(4 rows)

It would compute the whole query on the foreign server and give us just the result.

Pushing down aggregates to the partition table

This feature allows grouping or aggregation on a partitioned table performed separately for each partition. If the GROUP BY clause does include the partition keys, full aggregation for each partition can be performed on a per-partition basis.

CREATE TABLE fprt1 (c1 int, c2 int, c3 varchar, c4 varchar) PARTITION BY RANGE(c1);
CREATE FOREIGN TABLE ftprt1_p1 PARTITION OF fprt1 FOR VALUES FROM (1) TO (2)
  SERVER mysql_svr OPTIONS (dbname 'mysql_fdw_regress', table_name 'test1');
CREATE FOREIGN TABLE ftprt1_p2 PARTITION OF fprt1 FOR VALUES FROM (3) TO (4)
  SERVER mysql_svr OPTIONS (dbname 'mysql_fdw_regress', TABLE_NAME 'test2');

SET enable_partitionwise_aggregate TO on;


EXPLAIN (VERBOSE, COSTS OFF)
SELECT c1, sum(c1) FROM fprt1 GROUP BY c1 ORDER BY 2;
                                           QUERY PLAN                                           
------------------------------------------------------------------------------------------------
 Sort
   Output: fprt1.c1, (sum(fprt1.c1))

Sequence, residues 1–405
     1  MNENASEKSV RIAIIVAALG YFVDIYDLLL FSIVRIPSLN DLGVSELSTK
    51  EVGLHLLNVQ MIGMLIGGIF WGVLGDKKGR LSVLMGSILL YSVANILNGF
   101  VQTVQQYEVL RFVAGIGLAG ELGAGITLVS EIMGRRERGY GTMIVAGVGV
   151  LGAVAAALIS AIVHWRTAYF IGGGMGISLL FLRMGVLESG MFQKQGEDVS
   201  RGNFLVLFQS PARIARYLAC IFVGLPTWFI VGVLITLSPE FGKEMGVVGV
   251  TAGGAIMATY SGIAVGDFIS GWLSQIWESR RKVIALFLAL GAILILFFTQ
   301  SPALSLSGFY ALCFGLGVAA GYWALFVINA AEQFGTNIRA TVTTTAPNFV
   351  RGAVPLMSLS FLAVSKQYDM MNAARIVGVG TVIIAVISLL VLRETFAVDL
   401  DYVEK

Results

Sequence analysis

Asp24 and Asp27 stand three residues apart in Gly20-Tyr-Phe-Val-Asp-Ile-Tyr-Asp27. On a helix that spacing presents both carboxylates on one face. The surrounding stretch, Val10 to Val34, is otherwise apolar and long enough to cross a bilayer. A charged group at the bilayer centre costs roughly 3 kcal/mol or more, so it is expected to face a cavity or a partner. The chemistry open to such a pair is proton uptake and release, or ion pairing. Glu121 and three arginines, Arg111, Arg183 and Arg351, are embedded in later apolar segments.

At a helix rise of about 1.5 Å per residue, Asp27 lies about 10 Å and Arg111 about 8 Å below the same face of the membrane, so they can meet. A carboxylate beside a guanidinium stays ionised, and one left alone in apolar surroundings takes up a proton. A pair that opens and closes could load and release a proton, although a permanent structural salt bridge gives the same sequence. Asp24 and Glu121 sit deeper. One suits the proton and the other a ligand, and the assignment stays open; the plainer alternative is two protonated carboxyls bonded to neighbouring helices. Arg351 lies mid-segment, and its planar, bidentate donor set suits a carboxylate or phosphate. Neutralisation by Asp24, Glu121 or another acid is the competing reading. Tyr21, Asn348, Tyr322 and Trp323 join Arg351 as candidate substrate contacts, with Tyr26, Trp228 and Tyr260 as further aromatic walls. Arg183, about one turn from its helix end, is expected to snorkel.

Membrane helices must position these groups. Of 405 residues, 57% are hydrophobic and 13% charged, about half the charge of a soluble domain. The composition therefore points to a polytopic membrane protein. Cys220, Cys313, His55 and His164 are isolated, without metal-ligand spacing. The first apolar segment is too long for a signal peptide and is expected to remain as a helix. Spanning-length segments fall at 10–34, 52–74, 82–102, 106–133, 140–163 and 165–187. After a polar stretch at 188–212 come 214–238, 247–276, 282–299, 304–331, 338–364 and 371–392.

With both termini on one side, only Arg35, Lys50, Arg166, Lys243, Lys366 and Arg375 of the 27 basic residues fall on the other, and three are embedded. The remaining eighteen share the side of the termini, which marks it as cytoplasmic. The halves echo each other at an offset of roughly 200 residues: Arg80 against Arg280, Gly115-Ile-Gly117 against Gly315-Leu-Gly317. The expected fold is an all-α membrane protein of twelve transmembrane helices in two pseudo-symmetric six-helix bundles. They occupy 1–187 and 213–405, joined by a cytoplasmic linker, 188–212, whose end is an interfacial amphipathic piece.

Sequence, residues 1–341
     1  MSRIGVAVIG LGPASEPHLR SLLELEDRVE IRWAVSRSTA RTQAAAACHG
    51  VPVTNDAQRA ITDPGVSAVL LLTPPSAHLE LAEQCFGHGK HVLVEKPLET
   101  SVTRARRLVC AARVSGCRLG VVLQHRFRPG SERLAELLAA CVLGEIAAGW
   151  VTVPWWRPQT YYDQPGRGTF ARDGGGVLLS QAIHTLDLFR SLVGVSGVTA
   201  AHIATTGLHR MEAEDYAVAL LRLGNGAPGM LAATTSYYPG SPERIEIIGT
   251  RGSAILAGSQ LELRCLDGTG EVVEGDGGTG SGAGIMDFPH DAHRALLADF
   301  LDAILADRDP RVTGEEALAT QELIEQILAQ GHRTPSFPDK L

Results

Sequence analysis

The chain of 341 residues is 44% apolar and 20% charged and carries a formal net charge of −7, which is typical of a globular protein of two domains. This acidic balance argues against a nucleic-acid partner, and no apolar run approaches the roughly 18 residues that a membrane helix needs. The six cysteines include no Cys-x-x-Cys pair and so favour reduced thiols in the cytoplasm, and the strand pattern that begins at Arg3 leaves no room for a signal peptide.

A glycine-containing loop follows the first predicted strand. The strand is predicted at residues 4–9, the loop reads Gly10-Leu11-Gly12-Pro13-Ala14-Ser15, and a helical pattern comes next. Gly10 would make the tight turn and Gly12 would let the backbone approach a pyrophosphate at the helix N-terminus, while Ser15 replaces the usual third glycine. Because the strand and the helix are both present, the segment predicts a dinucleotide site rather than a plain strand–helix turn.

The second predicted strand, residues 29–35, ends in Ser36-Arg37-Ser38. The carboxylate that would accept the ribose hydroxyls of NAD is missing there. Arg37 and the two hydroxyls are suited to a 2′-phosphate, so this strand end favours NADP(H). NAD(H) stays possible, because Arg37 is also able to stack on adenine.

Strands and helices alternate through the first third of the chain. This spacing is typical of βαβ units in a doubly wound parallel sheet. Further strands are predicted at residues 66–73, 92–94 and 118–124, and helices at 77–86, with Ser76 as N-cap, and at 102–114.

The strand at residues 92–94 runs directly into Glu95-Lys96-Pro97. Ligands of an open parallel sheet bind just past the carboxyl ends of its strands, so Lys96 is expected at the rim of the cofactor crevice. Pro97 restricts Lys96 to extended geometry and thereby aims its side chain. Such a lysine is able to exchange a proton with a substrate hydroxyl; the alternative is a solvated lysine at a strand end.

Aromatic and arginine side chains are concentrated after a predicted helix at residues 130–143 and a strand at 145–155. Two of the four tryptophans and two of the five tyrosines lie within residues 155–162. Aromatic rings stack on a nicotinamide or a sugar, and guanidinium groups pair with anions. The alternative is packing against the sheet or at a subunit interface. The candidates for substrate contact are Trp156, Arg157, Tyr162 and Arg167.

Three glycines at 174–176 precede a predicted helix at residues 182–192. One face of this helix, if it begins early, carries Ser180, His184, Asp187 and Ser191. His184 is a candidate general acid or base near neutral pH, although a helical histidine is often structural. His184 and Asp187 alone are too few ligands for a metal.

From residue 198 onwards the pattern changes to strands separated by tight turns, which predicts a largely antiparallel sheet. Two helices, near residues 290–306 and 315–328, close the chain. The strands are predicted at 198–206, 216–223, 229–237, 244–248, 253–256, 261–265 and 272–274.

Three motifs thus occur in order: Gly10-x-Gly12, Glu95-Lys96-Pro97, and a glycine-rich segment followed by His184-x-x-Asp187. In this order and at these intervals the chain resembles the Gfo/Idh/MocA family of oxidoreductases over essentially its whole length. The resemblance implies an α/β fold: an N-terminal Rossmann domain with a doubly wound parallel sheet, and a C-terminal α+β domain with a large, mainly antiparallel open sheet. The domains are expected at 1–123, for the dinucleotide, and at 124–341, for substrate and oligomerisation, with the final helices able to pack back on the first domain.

Sort Key: (sum(fprt1.c1))
   ->  Append
         ->  Foreign Scan
               Output: fprt1.c1, (sum(fprt1.c1))
               Relations: Aggregate on (mysql_fdw_regress.ftprt1_p1 fprt1)
               Remote query: SELECT `c1`, sum(`c1`) FROM `mysql_fdw_regress`.`test1` GROUP BY 1
         ->  Foreign Scan
               Output: fprt1_1.c1, (sum(fprt1_1.c1))
               Relations: Aggregate on (mysql_fdw_regress.ftprt1_p2 fprt1)
               Remote query: SELECT `c1`, sum(`c1`) FROM `mysql_fdw_regress`.`test2` GROUP BY 1
(12 rows)

Limitations

  • This feature is currently limited to aggregate functions min, max, sum, avg, and count, to avoid pushing down the functions that are not present on the MySQL server
  • Aggregate filters and aggregate orders are not pushed down as MySQL does not support them
  • Due to infrastructure limitations, partial aggregation can’t be performed on the remote server

Thank you to my colleagues Jeevan Ladhe, Vaibhav Dalvi, and Jeevan Chalke for helping me in reviewing the code. Also a big thank you to Rajkumar Raghuwanshi for testing this feature.

Read more:  Cool New Contributions to PostgreSQL 14

Suraj works primarily on database server development for EDB. He is an active contributor in EDB Postgres Advanced Server propriety feature development and supports his team by fixing bugs. Suraj has a cumulative seven years of experience working with Postgres. Prior to joining EDB, Suraj worked as ...